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 Carin Göring

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Carin Göring

Original Name Carin Axelina Hulda Fock
Birth
Stockholm, Stockholms kommun, Stockholms län, Sweden
Death 17 Oct 1931 (aged 42)
Stockholm, Stockholms kommun, Stockholms län, Sweden
Burial Ekerö, Ekerö kommun, Stockholms län, Sweden
Memorial ID 23263 View Source
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First Wife of Nazi Figure Hermann Goering. She was born Carin Axelina Hulda Fock, the daughter of a Swedish baron and his Anglo-Irish wife. In 1910, she married Nils Gustav von Kantzow, who was a Swedish Army officer as was her father. In 1913 the couple had a son, Thomas. She was a married woman when she first met the ex-World War I fighter pilot Hermann Goering, who was trying to make a living ferrying mail and passengers between Germany and Sweden and being a pilot for a commercial airline. It was said to have been love at first sight and she was soon cohabiting with Goring. After her divorce in December of 1922, they were married on February 3, 1923 and relocated to Germany, where she became involved with her husband's politics. After becoming an ardent Nazi, she encouraged Goering's deepening involvement with the National Socialist German Workers Party (NSDAP). She nursed him after he was seriously wounded in the groin and hip while marching at Adolph Hitler's side during the failed "Beer Hall Putsch" incident of November of 1923. The turbulence of German politics in the years that followed, however, took a toll on her health with chronic asthma and angina pectoris and she was diagnosed with tuberculosis in 1925. While in Stockholm for her mother's funeral in September of 1931, she had a rapid decline and died on October 17, 1931. Her death left Goering bereft. She was interred in the Fock family plot at Lovo Churchyard, on Drottningholm Island in Lake Malaran, west of Stockholm. Following the Nazi Party's seizure of power in January of 1933, Goering returned to Sweden for his niece's wedding and paid a visit to her grave, laying a wreath of red roses in the shape of the Nazi Swastika. After Goering's tribute was publicized in the Swedish press, anti-Nazi Swedes removed the wreath. Enraged, Goering decided to remove his beloved wife's remains to Germany. That summer, he began work on the house, which would be named "Carinhall" and was located in the Schorfheide Forest some two hours northwest of Berlin. Nearby, in a small forest clearing on the shores of the Wuckersee, he began constructing an elaborate underground mausoleum to house Carin's remains and, eventually, his own. On June 19, 1934, Carin's coffin was exhumed from Lovo Churchyard, draped in a swastika flag, and transported to Carinhall, where it was interred the next day in an elaborate ceremony attended by Hitler himself. For nearly eleven years, she rested peacefully in the tomb, visited almost daily by her husband when he was in residence. Although her widower remarried in 1937, the second wife, Emmy, apparently had no objection to living in a house named for her predecessor and having the late wife's remains nearby. On April 20, 1945 with artillery booming in the distance, Goering decided that Carinhall was no longer safe from advancing Soviet troops. He departed that day for Berlin, leaving behind instructions that the house and all outbuildings were to be dynamited by the guards before they fled. This they did, though Goering curiously made no provision to save her body, though he must have known that it was highly unlikely the Soviets would respect it. Red Army troops did indeed loot her tomb. Five years after the war, a Swedish priest became curious about the fate of her remains and braved the threat of arrest to make his way to the site of Carinhall. Gathering up as many bones in the tomb as he could find, he placed them in a potato sack and had them shipped to her family in Sweden. Following this undignified homecoming, very different from her formal trip in the other direction, Carin Goering's remains were cremated and reinterred in Lovo Churchyard. In 1991, a female 26-bone skeleton in a zinc coffin was found at the site of Carinhall in Schorfheide Forest northeast of Berlin, Germany. In 2012 the Swedish National Board of Forensic Medicine published a paper stating these "remains had mitochondrial and nuclear DNA data supporting that the remains are those of Carin Göring." Her son's DNA was used to compare mother to son DNA. These remains were interred in the earlier grave site in Lovo Churchyard.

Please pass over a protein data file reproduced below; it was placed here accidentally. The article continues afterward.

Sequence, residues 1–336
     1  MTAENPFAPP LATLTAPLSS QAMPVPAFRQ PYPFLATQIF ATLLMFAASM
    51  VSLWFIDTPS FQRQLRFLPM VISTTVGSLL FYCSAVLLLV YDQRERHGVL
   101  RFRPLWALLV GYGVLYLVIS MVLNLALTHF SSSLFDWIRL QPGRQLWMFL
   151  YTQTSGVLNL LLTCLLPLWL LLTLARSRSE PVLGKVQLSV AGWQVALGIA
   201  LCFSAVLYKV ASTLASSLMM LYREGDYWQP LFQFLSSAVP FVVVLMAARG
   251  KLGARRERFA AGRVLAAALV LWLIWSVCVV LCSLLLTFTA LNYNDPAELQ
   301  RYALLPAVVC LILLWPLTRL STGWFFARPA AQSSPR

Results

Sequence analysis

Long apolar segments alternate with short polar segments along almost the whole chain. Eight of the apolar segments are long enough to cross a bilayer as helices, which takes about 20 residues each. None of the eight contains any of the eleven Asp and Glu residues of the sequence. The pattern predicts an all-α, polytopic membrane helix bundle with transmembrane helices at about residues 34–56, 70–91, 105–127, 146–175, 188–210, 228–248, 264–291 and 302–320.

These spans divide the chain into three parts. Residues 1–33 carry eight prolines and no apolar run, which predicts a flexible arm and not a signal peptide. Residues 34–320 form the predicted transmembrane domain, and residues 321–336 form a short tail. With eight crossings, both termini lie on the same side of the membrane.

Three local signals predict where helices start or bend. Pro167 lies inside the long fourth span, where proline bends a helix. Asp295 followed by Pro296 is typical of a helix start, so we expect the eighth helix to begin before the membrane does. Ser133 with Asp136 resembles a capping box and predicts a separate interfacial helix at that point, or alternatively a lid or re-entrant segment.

Bio by: Linda Davis


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  • Maintained by: Find a Grave
  • Added: 22 Jul 2001
  • Find a Grave Memorial 23263
  • Find a Grave, database and images (https://www.findagrave.com/memorial/23263/carin-g%C3%B6ring : accessed ), memorial page for Carin Göring (21 Oct 1888–17 Oct 1931), Find a Grave Memorial ID 23263, citing Lovö kyrkogård, Ekerö, Ekerö kommun, Stockholms län, Sweden ; Maintained by Find a Grave .